The Colorado Department of Revenue collects and administers state taxes. You can get help by phone and in person by:

  1. Calling 1-303-238-7378 with general tax questions between 8 a.m. to 4:30 p.m. Mountain time Monday to Friday
  2. Emailing your questions to
  3. Mailing to Colorado Department of Revenue, PO Box 17087, Denver, CO 80217-0087
  4. Visiting one of several Taxpayer Service Locations around the state

Filing and payment deadline

For 2019 state taxes, the state has extended the payment deadline. Colorado residents now have until July 15, 2020 to pay any state tax they owe. As with the federal deadline extension, Colorado won’t charge interest on unpaid balances between April 15 and July 15, 2020.

Additionally, all income tax returns with an original filing deadline of April 15, 2020 are getting an automatic extension to Oct. 15, 2020. But it doesn’t appear that interest or penalties will be waived for filings and payments received after the July 15, 2020 deadline.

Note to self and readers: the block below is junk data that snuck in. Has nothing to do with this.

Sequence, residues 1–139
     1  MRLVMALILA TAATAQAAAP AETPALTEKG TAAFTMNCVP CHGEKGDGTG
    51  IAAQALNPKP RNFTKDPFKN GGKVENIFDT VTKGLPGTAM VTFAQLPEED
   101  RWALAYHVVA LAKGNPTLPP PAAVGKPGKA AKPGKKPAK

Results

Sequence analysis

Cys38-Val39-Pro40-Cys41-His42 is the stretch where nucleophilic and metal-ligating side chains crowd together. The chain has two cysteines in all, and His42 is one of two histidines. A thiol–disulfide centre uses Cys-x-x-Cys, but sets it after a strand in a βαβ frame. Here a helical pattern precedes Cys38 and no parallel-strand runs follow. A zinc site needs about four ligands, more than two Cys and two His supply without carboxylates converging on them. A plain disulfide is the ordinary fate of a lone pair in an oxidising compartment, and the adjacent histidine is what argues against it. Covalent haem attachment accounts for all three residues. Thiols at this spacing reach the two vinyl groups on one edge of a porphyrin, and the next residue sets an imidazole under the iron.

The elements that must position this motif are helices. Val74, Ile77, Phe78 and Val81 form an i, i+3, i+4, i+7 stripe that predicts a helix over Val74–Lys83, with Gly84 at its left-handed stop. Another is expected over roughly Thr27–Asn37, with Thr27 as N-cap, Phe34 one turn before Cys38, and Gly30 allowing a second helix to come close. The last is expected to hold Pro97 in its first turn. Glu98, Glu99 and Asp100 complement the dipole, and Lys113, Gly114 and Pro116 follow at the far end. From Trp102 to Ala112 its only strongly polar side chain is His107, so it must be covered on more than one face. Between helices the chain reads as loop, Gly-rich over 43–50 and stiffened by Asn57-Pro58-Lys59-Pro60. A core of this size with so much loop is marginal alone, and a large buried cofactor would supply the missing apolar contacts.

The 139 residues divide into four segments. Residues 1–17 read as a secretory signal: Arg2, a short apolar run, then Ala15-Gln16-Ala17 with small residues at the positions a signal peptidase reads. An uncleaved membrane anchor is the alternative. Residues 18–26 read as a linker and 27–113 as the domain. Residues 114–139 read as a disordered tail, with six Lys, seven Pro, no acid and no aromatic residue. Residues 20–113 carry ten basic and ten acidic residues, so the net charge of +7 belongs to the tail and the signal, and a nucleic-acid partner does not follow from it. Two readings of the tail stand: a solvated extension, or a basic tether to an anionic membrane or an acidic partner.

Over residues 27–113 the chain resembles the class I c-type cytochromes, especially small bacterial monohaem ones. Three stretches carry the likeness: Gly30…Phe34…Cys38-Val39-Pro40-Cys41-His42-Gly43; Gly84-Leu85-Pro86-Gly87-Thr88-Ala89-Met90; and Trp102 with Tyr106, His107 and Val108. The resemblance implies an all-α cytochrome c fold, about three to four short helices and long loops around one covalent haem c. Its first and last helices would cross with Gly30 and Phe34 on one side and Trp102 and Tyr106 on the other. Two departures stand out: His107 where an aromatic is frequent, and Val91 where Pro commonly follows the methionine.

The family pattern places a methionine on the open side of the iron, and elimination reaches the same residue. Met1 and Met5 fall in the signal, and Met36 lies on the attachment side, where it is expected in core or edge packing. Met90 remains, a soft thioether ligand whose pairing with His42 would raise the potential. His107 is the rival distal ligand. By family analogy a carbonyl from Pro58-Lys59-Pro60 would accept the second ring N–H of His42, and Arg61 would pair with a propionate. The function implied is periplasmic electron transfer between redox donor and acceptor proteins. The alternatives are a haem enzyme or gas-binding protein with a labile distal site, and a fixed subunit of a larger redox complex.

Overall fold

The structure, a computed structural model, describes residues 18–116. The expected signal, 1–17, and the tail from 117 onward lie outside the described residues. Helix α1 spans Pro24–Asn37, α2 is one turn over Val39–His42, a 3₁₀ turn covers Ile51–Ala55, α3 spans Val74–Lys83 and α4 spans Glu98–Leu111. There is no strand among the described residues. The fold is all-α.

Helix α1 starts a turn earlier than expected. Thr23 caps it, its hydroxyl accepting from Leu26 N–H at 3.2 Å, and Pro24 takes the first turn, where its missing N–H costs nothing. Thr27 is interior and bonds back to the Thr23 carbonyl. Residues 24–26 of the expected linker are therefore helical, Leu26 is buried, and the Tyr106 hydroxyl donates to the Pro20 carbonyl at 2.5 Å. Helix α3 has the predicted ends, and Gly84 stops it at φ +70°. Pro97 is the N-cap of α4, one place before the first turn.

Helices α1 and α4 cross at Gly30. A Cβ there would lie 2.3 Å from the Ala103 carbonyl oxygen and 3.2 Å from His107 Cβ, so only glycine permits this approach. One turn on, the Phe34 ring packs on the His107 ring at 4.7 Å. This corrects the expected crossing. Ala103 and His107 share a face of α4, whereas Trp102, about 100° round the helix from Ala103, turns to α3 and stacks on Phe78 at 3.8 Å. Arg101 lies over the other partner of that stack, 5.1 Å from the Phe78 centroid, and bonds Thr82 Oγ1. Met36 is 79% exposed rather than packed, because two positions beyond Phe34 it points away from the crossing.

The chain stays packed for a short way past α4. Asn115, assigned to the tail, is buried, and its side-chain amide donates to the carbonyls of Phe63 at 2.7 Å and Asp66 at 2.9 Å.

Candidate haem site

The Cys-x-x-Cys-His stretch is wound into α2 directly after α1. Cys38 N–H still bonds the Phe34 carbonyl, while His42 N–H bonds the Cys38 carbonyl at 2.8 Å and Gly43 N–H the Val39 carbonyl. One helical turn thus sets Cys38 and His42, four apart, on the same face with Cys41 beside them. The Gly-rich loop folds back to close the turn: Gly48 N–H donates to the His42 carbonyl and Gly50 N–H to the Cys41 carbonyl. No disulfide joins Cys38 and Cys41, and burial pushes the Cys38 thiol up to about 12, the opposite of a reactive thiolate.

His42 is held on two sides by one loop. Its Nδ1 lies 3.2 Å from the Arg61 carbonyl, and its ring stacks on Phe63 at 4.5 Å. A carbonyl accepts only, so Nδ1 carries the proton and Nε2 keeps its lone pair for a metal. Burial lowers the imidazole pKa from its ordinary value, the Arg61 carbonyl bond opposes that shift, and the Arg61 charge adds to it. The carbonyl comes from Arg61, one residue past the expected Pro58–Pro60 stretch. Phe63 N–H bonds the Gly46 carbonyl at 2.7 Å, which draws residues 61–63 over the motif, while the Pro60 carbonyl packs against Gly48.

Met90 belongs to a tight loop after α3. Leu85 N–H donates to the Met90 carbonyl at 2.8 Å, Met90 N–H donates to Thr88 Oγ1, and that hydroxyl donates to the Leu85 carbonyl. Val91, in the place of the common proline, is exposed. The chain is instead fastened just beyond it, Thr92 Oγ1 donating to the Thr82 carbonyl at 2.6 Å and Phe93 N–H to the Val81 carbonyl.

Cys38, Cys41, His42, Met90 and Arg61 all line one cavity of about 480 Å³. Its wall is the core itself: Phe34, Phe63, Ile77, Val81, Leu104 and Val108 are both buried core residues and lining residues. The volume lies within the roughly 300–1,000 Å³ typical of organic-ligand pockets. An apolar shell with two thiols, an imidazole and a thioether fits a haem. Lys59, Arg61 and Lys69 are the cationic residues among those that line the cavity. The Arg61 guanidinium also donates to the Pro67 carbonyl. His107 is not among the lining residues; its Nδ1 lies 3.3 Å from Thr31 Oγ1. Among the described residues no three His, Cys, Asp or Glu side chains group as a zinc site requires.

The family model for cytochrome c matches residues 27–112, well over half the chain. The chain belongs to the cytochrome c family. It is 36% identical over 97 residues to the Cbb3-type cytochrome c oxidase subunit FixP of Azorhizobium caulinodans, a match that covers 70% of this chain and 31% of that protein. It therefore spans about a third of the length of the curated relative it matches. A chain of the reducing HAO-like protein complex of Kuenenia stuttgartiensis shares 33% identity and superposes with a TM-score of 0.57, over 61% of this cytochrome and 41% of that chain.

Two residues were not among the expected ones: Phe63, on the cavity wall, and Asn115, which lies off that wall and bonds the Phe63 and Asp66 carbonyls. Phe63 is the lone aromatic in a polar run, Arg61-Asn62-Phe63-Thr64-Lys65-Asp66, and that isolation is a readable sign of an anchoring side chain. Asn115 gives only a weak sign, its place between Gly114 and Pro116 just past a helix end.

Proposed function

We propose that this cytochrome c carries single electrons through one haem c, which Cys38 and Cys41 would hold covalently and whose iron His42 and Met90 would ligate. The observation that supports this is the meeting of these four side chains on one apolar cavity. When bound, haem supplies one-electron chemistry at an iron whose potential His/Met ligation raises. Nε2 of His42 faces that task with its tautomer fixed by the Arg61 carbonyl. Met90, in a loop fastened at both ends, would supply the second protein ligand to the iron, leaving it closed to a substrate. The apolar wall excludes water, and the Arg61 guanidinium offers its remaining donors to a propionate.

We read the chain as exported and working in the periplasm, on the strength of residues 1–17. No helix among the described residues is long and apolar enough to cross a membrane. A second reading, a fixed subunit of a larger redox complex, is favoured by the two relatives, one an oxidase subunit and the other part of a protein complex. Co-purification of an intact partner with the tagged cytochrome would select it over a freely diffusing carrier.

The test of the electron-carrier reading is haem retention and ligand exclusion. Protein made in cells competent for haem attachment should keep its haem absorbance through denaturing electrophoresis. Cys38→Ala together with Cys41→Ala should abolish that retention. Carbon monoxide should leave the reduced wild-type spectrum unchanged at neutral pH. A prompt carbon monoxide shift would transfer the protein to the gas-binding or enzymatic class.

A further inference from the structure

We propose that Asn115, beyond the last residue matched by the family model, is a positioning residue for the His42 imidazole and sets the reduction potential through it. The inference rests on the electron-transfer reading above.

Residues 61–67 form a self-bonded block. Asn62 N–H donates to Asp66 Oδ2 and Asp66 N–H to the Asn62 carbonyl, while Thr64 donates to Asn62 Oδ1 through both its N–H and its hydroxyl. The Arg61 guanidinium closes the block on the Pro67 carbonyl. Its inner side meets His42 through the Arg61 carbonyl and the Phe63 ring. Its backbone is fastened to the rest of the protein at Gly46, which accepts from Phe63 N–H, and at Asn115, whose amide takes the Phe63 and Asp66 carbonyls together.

Although this hear is a bit different, generally, April 15 is the due date for filing your Colorado state tax return and paying any tax you owe. If the 15th falls on a holiday or a weekend, the annual deadline will be bumped to the following business day.

Filing statuses

Colorado requires you to use the same filing status on your state return as on your federal tax return. The filing statuses are single, married filing jointly, married filing separately, head of household or qualifying widow(er) with dependent child.

Colorado income tax rate

Calculating your Colorado state income tax is easy, because the state has a flat tax rate of 4.5%. Multiply your taxable income by 0.045 to figure out how much tax you need to pay.